5 Best Player-Team Fits In Crabbs' 2021 NFL Mock Draft 3.1

Photo: Brad McClenny-USA TODAY NETWORK

With half of the season spent and already a few teams buried from playoff contention, mock draft season is in full swing for most of the league. Don’t worry, it’s not sad, it’s fine.

Here at The Draft Network, you can read a new mock draft every Monday and see my review of each mock afterward, with second and third round updates coming later in the week. If you want to do your own mock draft for your favorite team, open our Mock Draft Machine and take control of the reins yourself!

I sat down with Kyle Crabbs’ Mock Draft 3.1 and highlighted the five best fits from the second round that he released earlier this week.

Miami Dolphins: Tulsa LB Zaven Collins (Pick No. 38)

Man, maybe Crabbs is just good at this whole “drafting for the Dolphins” thing. Can’t imagine why.

The Dolphins need an improvement at stack linebacker beside Jerome Baker, a solid weakside linebacker who fills several roles in the Brian Flores defense but doesn’t have the stopping power preferred for an off-ball SAM. That’s an important role for this Patriots defense, and it’s currently filled by the combined efforts of Elandon Roberts and Kamu Grugier-Hill. 

Collins’ unique combination of athleticism and size works for the Patriots’ defensive system—don’t forget, Dont’a Hightower is one of the most important Patriots defensive pieces, playing off-ball linebacker at 260 pounds. That makes Collins a legitimate threat as a rusher from the EDGE and through the A-gap as a sledgehammer at velocity, while improving the Dolphins’ run defense in the box. You love to see it.

New England Patriots: Georgia iDL Jordan Davis (Pick 47)

I once gave a nod to the Patriots’ selection of Tyler Shelvin in this column, lauding Shelvin’s fit as a two-gapping nose tackle who can win on early downs in a role that the Patriots prioritize. The LSU behemoth is still a great player for New England, but Jordan Davis is a better prospect outright, both in Year 1 contributions and in Year 3 projections.

Davis has also proven that he can dominate in the running game from a variety of alignments and techniques, but with his length and quickness at his size, does have the profile of a successful pocket pusher on passing downs who can quickly move the quarterback off his spot, helping edge rushers generate easier paths to sacks. He makes sense as a Round 2 fit for a lot of teams, but no team more than the Patriots.

Seattle Seahawks: Minnesota OT Daniel Faalele

I can’t remember if I’ve seen this one before or not, but I love it so much that I feel like I have. Seattle has always valued, perhaps more than any team in the league, absolutely gigantic offensive linemen who may need more time in the league than ideal for their pick caliber. Looking at you, Germain Ifedi!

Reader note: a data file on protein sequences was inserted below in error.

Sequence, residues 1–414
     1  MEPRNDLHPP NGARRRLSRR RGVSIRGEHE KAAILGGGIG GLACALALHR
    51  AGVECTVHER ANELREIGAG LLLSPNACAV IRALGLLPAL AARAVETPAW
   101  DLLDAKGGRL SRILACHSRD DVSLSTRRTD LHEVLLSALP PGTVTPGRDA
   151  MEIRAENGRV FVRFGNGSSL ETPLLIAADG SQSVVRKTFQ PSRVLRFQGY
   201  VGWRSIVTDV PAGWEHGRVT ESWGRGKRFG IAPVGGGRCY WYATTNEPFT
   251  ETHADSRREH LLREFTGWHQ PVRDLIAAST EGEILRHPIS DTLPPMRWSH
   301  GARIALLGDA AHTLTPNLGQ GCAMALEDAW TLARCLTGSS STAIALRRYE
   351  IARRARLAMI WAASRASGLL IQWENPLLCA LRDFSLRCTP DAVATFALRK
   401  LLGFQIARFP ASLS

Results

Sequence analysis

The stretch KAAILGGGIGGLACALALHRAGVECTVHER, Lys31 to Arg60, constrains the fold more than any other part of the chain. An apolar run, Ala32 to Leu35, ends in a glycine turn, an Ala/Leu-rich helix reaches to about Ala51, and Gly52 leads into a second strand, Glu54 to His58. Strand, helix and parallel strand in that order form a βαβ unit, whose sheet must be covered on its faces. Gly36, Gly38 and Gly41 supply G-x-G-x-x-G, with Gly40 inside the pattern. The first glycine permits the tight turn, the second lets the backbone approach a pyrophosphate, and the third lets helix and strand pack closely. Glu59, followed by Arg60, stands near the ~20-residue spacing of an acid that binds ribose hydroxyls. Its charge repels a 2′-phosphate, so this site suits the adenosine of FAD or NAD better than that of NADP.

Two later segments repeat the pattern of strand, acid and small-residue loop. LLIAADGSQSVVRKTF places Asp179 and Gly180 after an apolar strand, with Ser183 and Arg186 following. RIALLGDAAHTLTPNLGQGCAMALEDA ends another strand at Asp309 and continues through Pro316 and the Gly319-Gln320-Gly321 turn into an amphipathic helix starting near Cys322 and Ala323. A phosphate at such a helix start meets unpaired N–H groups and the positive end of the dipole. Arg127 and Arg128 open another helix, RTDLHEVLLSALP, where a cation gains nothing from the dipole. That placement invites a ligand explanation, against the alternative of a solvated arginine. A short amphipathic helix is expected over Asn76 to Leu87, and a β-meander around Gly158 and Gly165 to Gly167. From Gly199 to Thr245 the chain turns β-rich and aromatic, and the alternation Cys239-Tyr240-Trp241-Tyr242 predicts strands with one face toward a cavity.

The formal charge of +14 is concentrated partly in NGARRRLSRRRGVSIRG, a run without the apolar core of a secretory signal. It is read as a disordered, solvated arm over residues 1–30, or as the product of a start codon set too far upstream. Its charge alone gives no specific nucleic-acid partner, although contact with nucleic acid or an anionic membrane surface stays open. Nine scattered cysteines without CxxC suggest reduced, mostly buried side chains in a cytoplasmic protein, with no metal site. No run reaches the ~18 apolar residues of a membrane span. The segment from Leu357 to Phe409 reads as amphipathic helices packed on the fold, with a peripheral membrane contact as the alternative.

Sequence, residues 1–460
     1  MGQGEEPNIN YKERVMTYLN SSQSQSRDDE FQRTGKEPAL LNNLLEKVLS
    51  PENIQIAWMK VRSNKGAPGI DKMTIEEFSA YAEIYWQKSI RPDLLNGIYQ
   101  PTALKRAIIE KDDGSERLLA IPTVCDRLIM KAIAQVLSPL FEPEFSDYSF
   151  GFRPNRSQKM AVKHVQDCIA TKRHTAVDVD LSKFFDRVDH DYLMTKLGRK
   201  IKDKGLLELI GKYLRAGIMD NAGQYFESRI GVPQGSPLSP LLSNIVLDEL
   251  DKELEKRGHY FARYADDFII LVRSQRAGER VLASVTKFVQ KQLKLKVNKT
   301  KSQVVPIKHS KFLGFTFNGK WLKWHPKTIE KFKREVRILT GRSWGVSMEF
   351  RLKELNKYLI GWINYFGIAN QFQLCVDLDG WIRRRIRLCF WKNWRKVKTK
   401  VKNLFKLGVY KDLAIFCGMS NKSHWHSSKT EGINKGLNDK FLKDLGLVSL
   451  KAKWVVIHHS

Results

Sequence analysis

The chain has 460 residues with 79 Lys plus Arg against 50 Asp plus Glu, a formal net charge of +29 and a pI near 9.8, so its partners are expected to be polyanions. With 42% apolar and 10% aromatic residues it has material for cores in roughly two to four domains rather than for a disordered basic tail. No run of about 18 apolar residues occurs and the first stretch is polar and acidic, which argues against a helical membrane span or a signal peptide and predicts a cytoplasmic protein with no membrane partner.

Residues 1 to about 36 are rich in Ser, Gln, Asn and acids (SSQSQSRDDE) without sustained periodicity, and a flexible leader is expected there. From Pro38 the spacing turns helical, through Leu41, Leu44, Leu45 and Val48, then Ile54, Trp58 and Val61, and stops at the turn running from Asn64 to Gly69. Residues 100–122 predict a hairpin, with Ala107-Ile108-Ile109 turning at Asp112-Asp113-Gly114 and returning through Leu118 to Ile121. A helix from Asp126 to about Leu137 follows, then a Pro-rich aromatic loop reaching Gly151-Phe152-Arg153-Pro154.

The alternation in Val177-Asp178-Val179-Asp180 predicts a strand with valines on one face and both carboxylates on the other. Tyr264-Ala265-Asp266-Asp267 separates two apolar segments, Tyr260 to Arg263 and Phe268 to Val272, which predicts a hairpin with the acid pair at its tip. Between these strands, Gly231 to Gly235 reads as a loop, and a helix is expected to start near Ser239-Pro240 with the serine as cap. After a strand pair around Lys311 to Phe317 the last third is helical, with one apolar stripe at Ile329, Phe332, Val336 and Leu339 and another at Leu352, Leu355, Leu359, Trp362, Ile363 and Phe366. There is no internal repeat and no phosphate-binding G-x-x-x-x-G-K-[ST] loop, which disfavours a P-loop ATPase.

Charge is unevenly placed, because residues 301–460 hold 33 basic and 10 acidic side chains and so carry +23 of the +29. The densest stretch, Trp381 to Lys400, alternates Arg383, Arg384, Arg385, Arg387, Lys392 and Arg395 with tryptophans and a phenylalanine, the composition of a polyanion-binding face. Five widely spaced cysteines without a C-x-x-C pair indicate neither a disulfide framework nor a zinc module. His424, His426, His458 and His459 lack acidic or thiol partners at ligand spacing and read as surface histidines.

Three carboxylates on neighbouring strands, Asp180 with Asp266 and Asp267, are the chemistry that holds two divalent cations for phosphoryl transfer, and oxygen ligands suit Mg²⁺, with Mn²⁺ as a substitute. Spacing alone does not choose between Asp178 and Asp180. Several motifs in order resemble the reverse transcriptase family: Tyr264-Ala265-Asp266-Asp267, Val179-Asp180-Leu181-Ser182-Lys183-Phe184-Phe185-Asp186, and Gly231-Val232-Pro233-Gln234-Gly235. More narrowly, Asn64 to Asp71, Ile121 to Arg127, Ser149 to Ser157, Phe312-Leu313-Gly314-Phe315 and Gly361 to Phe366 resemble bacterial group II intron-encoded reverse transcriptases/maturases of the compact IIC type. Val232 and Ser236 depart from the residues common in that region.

Now, they haven’t invested a Round 1 pick in an offensive lineman since Ifedi in 2016, and none in Round 2 since 2017 (Ethan Pocic). Offensive line picks haven’t gone well for them recently, but Faalele represents a worthy investment because of his high ceiling. Faalele is truly an elite offensive tackle athlete even by Seattle standards, but with Brandon Shell and Duane Brown both still under contract through 2021, he won’t need to start in Year 1. That’ll help his developmental track as he continues to round out technically.

Tampa Bay Buccaneers: Florida WR Kadarius Toney (Pick 59)

IMAGINE!

Tampa Bay’s offense is at a pretty good spot at wide receiver, with Chris Godwin and Mike Evans presenting one of the most dangerous duos in the league when both are healthy. Unfortunately, both have endured injuries this year, while still settling in with their new starting quarterback in Tom Brady. Scotty Miller has been a viable field-stretcher and rookie wide receiver Tyler Johnson is a nice depth piece.

So no, they don’t need Toney. But imagine the matchups you could get for Toney working in motion and on shallow targets. He’s a great fit as an underneath target, in that he’s one of the best YAC players in the class, and he adds to the anemic running game by maximizing backfield touches with constraint plays and jet sweeps. Money in the bank.

New Orleans Saints: Alabama QB Mac Jones (Pick No. 63)

Here’s why this fit is great: the vertical ball. Jones is far from a perfect quarterback prospect, but the end of Round 2 is already a pretty good value for his ability—and the peak of his ability is deep, vertical shots to Alabama’s athletes.

Now, the Saints offense hasn’t thrown a true vertical route in the last three years because of Drew Brees’ arm strength (this is an exaggeration, please don’t send me clips), so their wide receiver room isn’t exactly built for a sudden shift to a deep passing game. With that said, Sean Payton has an Air Raid background and understands the importance of explosive passing gains, which is reflected in his interest in Jameis Winston as a one-year flier behind Brees.

We’ll get a look at the sort of offense Payton can concoct for Winston this next week as Brees is out with a rib injury, and if Winston looks good, perhaps the Saints won’t need this pick at all. But if not, Jones presents an interesting camp battle quarterback for his NFL-ready frame, arm, and penchant for the deep ball.

Written By:

Benjamin Solak

Director of Special Projects

Director of Special Projects and Senior NFL Draft Analyst for The Draft Network. Co-host of the Locked On NFL Draft Podcast. The 3-Wide Raven.

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